It’s interesting (and a tad unfortunate) that the press, when covering the death of Jack Kemp, focused more on his political career as a congressman, Presidential candidate and Vice-Presidential candidate, conservative advocate, and cabinet member of the George H.W. Bush Administration than on his professional football career. Indeed the media treated his career as a minor footnote in Kemp’s distinguished life.
That is unfair to Kemp’s memory. Jack Kemp’s professional football career was an amazing story of perseverance, courage, leadership, and triumph. It was during his pro football career that Kemp developed the characteristics and qualities that launched his political career and led him into a life of distinguished public service which stretched from the 1970’s to the 1990’s.
Kemp was a quarterback drafted by the Detroit Lions in 1957 from Occidental College in California. He was behind NFL Hall-of-Famer Bobby Layne and veteran all-pro Tobin Rote on the depth chart. His stay with the Lions was not particularly pleasant. One time Bobby Layne convened a quarterbacks meeting at the Tiger Stadium bar. (Layne’s magnificent skills as a quarterback were matched by his drinking prowess). Layne and Tobin Rote (who, ironically, would later replace Kemp as starting quarterback of the San Diego Chargers in 1963) were drinking beer while Kemp, a raw rookie was drinking soda pop. Layne and Rote were going over that week’s game plan while Kemp, awed by the two veterans, was content to listen, not saying a word. Layne finished the meeting and ordered another round of drinks for Rote and himself. He stared at Kemp sipping his soda and grumbled, “Kid, if you want to make it in this league, you’re gonna have to learn to drink.” Kemp was eventually cut by the Lions and bounced around for two more years as a taxi squad quarterback for the New York Giants and a brief spell in the Canadian Football League.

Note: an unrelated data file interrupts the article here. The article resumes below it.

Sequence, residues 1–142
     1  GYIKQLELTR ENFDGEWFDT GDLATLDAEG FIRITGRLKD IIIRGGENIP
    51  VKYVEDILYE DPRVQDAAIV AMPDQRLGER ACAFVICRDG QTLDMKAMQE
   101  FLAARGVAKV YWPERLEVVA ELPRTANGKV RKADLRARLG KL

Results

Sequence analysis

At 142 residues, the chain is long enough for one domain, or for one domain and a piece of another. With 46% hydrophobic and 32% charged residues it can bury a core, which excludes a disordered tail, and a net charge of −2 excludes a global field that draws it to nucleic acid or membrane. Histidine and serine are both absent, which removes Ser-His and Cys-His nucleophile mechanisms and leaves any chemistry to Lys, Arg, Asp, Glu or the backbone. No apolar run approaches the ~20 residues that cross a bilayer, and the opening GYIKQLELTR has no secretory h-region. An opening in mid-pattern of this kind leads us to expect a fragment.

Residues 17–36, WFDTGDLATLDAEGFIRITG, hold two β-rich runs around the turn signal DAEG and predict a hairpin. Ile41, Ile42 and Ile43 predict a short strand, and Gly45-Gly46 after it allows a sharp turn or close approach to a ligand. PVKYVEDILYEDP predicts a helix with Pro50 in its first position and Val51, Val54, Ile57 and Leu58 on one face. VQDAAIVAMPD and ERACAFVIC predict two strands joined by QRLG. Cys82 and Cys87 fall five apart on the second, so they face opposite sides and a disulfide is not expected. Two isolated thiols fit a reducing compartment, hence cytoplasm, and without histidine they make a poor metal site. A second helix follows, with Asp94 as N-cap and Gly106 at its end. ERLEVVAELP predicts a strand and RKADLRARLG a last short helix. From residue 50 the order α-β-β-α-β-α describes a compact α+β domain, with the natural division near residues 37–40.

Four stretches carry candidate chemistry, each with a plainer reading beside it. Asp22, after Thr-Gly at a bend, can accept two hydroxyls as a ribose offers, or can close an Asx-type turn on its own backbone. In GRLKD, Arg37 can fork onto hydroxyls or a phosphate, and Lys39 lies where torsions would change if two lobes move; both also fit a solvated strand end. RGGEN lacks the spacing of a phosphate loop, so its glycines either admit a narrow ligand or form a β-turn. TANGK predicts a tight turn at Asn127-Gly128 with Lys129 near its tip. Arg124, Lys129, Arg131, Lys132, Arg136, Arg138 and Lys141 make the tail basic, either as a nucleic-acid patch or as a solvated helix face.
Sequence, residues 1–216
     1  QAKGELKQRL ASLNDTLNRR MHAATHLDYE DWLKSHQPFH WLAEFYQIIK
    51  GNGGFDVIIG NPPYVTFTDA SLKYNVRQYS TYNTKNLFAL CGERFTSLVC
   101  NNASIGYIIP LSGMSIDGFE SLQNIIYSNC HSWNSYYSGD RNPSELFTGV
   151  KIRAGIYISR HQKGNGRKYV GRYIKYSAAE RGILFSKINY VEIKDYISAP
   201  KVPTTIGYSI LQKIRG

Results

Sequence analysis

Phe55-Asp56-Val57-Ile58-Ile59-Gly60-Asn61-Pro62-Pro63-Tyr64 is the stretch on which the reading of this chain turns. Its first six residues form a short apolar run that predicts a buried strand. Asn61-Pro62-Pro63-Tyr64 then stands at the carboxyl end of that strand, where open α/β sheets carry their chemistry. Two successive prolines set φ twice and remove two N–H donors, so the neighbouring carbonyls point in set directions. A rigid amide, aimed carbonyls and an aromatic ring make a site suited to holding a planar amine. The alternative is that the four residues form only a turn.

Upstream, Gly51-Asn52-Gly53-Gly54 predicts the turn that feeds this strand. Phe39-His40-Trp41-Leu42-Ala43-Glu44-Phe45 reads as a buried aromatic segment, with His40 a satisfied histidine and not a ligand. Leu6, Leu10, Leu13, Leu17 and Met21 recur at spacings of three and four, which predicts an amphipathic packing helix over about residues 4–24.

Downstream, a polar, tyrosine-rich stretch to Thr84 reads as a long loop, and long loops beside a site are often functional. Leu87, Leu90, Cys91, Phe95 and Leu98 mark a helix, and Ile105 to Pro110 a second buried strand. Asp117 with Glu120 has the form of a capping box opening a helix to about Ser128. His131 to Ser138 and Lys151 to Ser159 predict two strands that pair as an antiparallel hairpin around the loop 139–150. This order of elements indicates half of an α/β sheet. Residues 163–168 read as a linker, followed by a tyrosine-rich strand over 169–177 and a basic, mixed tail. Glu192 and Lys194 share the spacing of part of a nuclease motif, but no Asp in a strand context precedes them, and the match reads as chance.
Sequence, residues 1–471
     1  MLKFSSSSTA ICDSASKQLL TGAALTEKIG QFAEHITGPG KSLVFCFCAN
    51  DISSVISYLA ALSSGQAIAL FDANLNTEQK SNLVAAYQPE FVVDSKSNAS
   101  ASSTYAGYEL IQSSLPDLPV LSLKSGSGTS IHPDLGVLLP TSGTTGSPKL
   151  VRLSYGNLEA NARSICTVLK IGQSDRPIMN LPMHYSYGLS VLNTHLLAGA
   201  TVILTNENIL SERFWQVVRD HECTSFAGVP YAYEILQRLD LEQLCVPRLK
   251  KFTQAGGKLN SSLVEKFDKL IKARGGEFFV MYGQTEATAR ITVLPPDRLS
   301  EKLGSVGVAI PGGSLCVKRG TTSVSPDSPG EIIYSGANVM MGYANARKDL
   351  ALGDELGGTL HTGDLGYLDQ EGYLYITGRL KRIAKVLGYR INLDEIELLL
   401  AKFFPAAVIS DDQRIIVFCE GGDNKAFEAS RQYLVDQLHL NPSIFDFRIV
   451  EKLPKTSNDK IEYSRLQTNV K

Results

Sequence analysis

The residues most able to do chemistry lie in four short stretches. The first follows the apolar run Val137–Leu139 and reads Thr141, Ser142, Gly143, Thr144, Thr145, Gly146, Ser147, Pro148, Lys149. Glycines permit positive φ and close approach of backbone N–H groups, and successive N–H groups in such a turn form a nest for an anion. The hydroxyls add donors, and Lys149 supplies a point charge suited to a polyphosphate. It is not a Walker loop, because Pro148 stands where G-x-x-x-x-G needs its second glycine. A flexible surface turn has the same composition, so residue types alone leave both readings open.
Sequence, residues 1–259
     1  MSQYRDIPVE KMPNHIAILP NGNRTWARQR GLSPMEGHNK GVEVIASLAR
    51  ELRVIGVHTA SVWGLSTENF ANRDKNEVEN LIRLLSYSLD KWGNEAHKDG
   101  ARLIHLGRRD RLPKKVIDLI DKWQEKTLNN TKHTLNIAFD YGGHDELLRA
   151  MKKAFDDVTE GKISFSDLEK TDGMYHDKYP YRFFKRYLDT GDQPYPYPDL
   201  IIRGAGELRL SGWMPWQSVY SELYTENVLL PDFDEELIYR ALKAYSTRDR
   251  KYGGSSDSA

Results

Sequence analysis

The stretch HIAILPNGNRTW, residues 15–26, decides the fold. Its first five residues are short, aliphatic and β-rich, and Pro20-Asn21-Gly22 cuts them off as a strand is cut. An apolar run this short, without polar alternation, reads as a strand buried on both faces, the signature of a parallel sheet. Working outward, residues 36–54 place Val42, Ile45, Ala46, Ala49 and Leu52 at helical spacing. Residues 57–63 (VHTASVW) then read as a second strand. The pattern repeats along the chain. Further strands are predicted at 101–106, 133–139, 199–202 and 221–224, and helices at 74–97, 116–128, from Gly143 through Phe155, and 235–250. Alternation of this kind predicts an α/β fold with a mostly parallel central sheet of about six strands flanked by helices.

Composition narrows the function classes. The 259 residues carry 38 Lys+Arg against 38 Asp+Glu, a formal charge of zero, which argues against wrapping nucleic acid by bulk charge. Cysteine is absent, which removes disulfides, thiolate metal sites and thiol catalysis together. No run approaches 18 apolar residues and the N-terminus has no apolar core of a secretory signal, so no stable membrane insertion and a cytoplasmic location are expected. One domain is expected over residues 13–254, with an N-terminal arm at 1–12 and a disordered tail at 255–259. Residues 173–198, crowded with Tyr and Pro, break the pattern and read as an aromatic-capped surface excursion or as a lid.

It was the creation of the American Football League in 1960 that gave Jack Kemp the opportunity to demonstrate his skills as a starting quarterback. He was signed by the Los Angeles (later San Diego) Chargers. He was the field general leading the offense for Chargers head coach Sid Gillman. Gillman is seen by many football historians as the man who developed the tactical antecedents of what is now known as the West Coast Offense. Kemp had a powerful throwing arm and great receivers and running backs to throw to. Kemp was ranked the best quarterback in the AFL in 1960 and led the Chargers to two AFL Championship game appearances in 1960 and 1961 (losing both times to the Houston Oilers who are now the Tennessee Titans).
Kemp’s world changed in 1962 when he broke his hand and was waived (either accidentally or deliberately) by the Chargers and claimed by the Buffalo Bills for a mere $100. Kemp would remain with the Bills for the remainder of his football career. The Buffalo Bills were an anomaly in the AFL: a team that lived and breathed on its defense. Kemp virtually led a no-name offense. The only Hall-of-Fame player on the offense was offensive guard Billy Shaw. The Bills had no dominant running back and an average receiving corps. Kemp had his work cut out for him.